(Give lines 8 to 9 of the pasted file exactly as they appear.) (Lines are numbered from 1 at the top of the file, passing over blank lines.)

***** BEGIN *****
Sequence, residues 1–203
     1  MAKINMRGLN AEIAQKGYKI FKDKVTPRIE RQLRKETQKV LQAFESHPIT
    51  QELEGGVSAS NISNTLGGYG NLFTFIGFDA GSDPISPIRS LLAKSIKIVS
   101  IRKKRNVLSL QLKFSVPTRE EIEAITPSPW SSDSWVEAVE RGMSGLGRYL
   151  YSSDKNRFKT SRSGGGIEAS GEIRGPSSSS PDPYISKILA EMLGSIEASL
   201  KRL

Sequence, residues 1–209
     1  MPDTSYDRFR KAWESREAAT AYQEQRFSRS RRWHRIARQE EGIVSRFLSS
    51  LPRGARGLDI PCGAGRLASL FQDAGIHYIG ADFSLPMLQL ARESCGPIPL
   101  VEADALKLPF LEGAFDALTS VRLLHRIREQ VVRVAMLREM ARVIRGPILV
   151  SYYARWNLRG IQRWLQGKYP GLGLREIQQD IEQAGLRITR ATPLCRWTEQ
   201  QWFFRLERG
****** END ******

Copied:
     1  MPDTSYDRFR KAWESREAAT AYQEQRFSRS RRWHRIARQE EGIVSRFLSS
    51  LPRGARGLDI PCGAGRLASL FQDAGIHYIG ADFSLPMLQL ARESCGPIPL